Source: E-Commerce Times
Cameron Takes Hard Line on Encrypted Communications
David CameronUK Prime Minister David Cameron has argued that the safety of citizens trumps privacy and that the government should be able to monitor any communications if warranted. "If Cameron succeeds," said tech analyst Charles King, "UK citizens can take comfort in their government acting with all the foresight and wisdom of other beacons of freedom, including China, Russia, Egypt and Iran." Prime Minister David Cameron, who is standing for re-election, has vowed to ban personal encrypted communications apps such as Snapchat and WhatsApp if he is voted in. He also will allow UK government security agencies to monitor communications, with warrants signed by the Home Secretary. "The first duty of any government is to keep our country and our people safe," Cameron declared earlier this week.

Source: Tech News World
Businesses Waste Big Bucks Fighting Phantom Cyberattacks
Businesses spend an average of US$1.27 million (£0.8 million) a year chasing cyberthreats that turn out to be dead ends. That is one of the findings in a report released last week on the cost of containing malware. In a typical week, an organisation can receive nearly 17,000 malware alerts, although only 19% of them are considered reliable, according to the research, which was conducted by the Ponemon Institute and Damballa.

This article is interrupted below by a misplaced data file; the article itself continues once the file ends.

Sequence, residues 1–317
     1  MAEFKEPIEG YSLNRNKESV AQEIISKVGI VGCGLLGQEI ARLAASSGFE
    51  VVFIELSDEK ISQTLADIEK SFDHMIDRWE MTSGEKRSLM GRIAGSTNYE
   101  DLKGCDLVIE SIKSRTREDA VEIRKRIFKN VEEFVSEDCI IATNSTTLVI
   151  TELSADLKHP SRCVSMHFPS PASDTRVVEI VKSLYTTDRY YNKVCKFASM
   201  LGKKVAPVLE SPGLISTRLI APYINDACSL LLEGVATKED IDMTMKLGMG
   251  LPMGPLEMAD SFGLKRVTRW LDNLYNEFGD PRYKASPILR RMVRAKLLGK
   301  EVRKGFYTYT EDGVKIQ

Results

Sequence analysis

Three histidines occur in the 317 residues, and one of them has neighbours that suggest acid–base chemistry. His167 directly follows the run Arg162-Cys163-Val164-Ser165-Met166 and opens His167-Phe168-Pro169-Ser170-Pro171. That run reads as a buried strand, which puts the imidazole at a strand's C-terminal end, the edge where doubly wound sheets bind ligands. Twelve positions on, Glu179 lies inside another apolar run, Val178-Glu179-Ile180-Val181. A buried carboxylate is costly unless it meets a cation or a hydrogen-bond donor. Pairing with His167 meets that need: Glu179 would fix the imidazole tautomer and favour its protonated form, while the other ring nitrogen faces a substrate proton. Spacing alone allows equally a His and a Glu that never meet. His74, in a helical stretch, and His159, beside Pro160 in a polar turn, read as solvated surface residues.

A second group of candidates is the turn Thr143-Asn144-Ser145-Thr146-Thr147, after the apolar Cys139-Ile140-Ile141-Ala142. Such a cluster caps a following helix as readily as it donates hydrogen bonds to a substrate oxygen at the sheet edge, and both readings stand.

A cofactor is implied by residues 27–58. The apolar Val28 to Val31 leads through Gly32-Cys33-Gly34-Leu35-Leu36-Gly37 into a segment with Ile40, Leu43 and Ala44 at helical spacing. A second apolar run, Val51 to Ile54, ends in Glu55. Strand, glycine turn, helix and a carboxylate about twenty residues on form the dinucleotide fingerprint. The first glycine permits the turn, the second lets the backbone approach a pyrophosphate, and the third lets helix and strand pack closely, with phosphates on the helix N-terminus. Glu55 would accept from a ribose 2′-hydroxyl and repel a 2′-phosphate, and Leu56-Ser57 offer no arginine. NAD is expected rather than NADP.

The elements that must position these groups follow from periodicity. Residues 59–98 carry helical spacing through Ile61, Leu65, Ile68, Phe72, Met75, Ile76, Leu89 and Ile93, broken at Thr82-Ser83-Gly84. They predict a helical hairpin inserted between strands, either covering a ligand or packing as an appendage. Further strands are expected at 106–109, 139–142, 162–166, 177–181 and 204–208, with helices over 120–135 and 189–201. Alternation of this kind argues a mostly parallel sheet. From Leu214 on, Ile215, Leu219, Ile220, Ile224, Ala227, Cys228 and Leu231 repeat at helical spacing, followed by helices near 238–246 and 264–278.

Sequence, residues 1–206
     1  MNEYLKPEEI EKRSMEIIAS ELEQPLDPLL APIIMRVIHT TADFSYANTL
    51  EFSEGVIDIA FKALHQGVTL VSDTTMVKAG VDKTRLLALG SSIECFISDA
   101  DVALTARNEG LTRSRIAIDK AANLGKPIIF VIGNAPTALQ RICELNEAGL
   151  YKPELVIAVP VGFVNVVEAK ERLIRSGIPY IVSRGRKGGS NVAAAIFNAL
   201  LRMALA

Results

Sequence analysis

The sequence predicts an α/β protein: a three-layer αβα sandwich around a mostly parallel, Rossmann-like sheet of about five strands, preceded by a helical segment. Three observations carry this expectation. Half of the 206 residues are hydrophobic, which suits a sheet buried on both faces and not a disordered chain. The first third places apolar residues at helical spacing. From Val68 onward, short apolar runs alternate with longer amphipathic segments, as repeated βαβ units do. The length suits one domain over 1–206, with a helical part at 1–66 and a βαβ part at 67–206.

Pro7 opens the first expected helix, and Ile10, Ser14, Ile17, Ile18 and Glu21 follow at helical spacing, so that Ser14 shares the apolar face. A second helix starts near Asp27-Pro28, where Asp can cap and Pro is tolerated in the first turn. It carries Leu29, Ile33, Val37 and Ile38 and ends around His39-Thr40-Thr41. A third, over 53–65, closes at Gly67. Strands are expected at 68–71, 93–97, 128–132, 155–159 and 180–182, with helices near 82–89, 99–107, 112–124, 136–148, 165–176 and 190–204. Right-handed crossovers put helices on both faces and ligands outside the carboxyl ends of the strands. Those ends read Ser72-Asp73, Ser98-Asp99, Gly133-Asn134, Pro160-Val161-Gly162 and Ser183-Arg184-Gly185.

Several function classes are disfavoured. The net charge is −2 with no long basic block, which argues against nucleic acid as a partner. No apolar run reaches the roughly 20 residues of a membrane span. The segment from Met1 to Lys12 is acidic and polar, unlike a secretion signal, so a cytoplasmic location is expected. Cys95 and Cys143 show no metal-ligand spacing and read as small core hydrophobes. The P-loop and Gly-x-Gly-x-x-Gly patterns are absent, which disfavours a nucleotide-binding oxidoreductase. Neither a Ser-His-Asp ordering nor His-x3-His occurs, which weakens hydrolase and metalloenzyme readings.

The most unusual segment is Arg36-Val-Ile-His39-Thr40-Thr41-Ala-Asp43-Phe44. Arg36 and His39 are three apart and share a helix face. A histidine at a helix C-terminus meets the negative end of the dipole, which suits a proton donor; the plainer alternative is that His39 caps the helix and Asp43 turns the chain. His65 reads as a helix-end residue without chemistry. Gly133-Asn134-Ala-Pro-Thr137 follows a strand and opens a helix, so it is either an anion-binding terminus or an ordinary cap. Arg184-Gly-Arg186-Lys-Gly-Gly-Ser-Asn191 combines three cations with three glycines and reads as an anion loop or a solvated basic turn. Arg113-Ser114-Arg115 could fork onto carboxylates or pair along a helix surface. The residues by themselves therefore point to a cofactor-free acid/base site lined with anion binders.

Still, malware fighters have a difficult time keeping up with even the reliable alerts, since only 4% are investigated, according to the survey of 630 IT and IT security practitioners familiar with their company's antimalware practices.

Making matters worse, two-thirds of the time spent hunting for bad apps is wasted because of faulty intelligence. An average of 395 hours a week is frittered away on dead-end investigations.

Source: Tech News World

The highlights from our Weekly Techno Briefs above do not necessarily represent the view of Capgemini Group.

About the author

Izzy Noon
Izzy Noon
Izzy joined Capgemini in 2014 as part of the General Management Graduate Programme. She holds a BSc (Hons) in Accounting and Financial Management. Having had experience in Accounts Receivable and Financial projects she is taking on a range of new projects from Sustainable Procurement Supplier Mapping to UK Graduate Recruitment through a global competition.
1 Comment Leave a comment
It is imperative that all business (small, medium or large) start investing more in CyberSecurity initiatives, as cyberattacks are only going to get more sophisticated and leave a larger impact to the victim organizations.